Munich, 26 May 2014 — The Serviceplan Group is presenting the results of its "Sustainability Image Score" (SIS) for what is now the fourth time in total. This study conducted by Facit Research shows how a company's record on sustainability affects its image, the consumer's willingness to buy and customer loyalty. And, above all, how a company's efforts and marketing relating to sustainability are perceived and rated by consumers. This is why the people invited to participate in the survey are not sustainability experts or opinion formers, but exclusively consumers and brand users. Again, 8,000 representatively selected people were asked about 104 companies from 16 industries.

The key results of the SIS study for 2014

Across the board, the main message from this year's survey is that sustainability is now at a premium. It equips brands to face the future and gives them more of what they should be delivering themselves, namely focus. The reward is greater loyalty inspired by an emotional attachment, which is often strongly associated with sustainability issues these days. As Katrin Meyer-Schönherr, Managing Director of Facit Research, explains: "It is also apparent that companies which take an active approach to sustainability management and constantly refresh their brand's core identity are climbing the SIS rankings or retaining their high placing. Two such companies are Frosta and Edeka. By contrast, a good reputation for sustainability based solely on a brand's traditional core identity will no longer be enough in future. Static brands relying solely on their brand image as handed down will find to hard to keep on convincing people." This is borne out by this year's survey, where it is mainly traditional brands - invariably occupying good positions in previous years - that are sliding down the rankings or being overtaken by other companies. Two examples would be Ehrmann or Lindt & Sprüngli.

The following is a brief summary of other key results from the study. The German pharmacy markets performed worse than before in terms of sustainability. The car industry on the other hand managed some improvement. The sector-based ranking system is again topped by the baby food industry, with 2014 also seeing financial and energy companies bringing up the rear, along with the fast food and telecommunications sectors. Katrin Meyer-Schönherr summarises the situation as follows: "All told, 2014 saw more sectors and therefore more companies achieve an SIS score of more than 60 and thereby leave the critical zone." This is corroborated by Joachim Schöpfer, Managing Director of Serviceplan Corporate Reputation: "While the consistently good performance of companies from a social perspective has remained at the same level, some progress has been achieved in terms of ecological and financial sustainability."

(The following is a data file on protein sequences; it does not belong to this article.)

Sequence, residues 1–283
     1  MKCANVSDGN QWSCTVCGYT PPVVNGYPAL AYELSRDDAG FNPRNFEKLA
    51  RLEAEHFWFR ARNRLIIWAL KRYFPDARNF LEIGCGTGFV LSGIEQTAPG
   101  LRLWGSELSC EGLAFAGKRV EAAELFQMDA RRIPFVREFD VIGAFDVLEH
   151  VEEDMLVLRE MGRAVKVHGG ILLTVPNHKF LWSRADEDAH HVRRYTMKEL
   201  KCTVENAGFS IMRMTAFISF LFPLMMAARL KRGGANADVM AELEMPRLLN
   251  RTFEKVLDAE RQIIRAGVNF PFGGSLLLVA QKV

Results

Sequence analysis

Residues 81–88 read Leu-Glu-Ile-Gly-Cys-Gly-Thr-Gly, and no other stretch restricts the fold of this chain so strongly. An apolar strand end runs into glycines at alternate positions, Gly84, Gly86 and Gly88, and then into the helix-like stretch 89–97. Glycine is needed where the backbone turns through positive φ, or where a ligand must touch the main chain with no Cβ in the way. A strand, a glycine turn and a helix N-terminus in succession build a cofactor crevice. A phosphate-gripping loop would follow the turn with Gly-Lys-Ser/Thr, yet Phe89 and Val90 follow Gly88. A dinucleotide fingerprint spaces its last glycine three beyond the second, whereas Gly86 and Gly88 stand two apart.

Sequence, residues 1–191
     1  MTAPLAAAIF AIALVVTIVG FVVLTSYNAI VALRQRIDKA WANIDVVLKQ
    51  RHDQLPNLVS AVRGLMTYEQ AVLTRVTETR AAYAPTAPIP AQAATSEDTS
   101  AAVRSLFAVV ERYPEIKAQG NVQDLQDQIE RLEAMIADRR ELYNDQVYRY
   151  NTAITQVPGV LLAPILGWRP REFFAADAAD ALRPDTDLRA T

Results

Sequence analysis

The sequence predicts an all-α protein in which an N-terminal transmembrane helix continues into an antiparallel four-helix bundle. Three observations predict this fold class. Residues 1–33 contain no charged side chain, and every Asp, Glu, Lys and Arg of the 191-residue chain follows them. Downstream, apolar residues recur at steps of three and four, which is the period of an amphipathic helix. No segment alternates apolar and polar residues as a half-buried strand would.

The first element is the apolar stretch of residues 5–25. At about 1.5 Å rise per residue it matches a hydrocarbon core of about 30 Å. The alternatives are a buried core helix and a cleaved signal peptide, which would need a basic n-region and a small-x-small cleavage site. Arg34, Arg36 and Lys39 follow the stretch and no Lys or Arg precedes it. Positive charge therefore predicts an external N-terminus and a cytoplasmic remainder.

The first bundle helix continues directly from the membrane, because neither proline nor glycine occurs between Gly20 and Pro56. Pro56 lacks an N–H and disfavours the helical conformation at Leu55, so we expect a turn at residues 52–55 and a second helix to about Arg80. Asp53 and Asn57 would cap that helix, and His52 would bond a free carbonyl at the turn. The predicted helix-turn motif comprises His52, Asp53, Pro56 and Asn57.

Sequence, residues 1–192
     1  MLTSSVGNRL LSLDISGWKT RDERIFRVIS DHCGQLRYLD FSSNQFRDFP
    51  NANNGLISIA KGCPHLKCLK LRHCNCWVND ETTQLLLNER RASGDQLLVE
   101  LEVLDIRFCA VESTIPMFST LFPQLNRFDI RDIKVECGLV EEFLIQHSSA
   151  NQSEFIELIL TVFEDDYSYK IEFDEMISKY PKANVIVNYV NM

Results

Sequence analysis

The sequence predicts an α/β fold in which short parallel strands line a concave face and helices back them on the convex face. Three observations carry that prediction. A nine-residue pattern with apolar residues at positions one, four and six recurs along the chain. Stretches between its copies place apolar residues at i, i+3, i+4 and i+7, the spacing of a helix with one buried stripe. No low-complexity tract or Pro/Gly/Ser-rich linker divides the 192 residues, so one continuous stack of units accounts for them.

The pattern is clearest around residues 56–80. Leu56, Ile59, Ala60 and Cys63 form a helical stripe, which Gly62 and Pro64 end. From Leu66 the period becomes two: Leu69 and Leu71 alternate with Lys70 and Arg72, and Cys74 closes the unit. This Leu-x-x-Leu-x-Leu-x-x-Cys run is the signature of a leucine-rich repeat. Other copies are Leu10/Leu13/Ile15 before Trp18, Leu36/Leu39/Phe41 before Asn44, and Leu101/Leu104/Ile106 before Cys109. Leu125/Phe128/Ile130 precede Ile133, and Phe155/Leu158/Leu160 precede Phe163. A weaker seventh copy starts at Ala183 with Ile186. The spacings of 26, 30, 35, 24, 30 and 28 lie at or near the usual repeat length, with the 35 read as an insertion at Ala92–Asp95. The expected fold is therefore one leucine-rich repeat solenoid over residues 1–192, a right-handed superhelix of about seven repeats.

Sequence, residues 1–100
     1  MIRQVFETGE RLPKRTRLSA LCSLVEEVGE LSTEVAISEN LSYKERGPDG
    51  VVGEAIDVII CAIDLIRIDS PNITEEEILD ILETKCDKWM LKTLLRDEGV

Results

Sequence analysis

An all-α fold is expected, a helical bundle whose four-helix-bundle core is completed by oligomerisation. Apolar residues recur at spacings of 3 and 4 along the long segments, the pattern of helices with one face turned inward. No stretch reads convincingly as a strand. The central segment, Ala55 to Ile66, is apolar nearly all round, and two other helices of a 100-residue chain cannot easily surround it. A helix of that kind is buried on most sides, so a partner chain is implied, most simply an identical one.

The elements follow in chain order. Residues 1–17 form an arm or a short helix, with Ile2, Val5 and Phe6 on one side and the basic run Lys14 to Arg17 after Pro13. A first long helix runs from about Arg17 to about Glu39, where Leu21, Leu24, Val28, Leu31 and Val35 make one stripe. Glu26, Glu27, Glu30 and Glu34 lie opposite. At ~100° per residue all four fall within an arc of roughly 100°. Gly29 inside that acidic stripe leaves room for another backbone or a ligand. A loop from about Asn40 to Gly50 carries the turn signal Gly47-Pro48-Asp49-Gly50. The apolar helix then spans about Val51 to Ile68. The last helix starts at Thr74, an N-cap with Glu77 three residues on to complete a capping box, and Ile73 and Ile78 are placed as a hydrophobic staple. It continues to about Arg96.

Organic products commanding higher prices

Companies are managing to sell more of their own organic brands. These are increasingly being perceived as sustainable in both traditional supermarkets and discount stores. The study highlighted this very clearly in the case of milk, with companies' own brands of organic milk doing rather better than the respective own brands of cheap milk and branded milk. As Joachim Schöpfer points out: "Traditional manufacturers with no organic offer are finding it increasingly difficult to impose their premium price. In future premium brands will have to deliver even greater added value if they are to avoid losing out to brands providing this kind of USP in the form of sustainability (organic). When customers make a conscious decision to spend more, it tends to be for organic or sustainability."

Luxury brands should not be complacent

The top premium brands, which were also surveyed this year, all performed relatively well, although few did outstandingly so. They currently enjoy a kind of "bonus" of trust, because they are definitely trailing behind in terms of sustainability-related activities and particularly how to communicate these accordingly. Customers of the top premium brands demonstrate a comparatively high level of awareness of sustainability issues. They expect companies to show more responsibility. As far as they are concerned, it is becoming increasingly necessary to invest in sustainability, since failure to do so makes it difficult to justify a premium price.

Definition of sustainability

For the purposes of the the SIS Index, sustainability comprises the three dimensions of ecological sustainability (responsible use of resources, environmentally friendly technologies, environmentally friendly products, etc.), financial sustainability (an assessment of whether a company carries out its business in a fair and reputable manner or is prone to questionable business practices) and social sustainability (whether a company offers good working conditions and job security and accepts its responsibility towards society).

The SIS study since 2011

The SIS study has been conducted by Facit Research since 2011 on behalf of the Serviceplan Group and in collaboration with WirtschaftsWoche. The survey canvases the opinions of more than 8,000 consumers and takes place early each year. The questions always cover more than 100 companies from over 15 sectors. Since 2013 the SIS has helped inform the decisions made by the jury for the National German Sustainability Award. The results of the study make it possible to gain a precise impression of the sustainability image of individual companies or entire industries from the point of view of consumers and how sustainability affects added brand value.

Photo: Katrin Meyer-Schönherr and Joachim Schöpfer.


Claudia Kirchmair

Claudia Kirchmair
Corporate Communication & PR

+49 89 2050 2273

E-Mail: c.kirchmair(at)serviceplan.com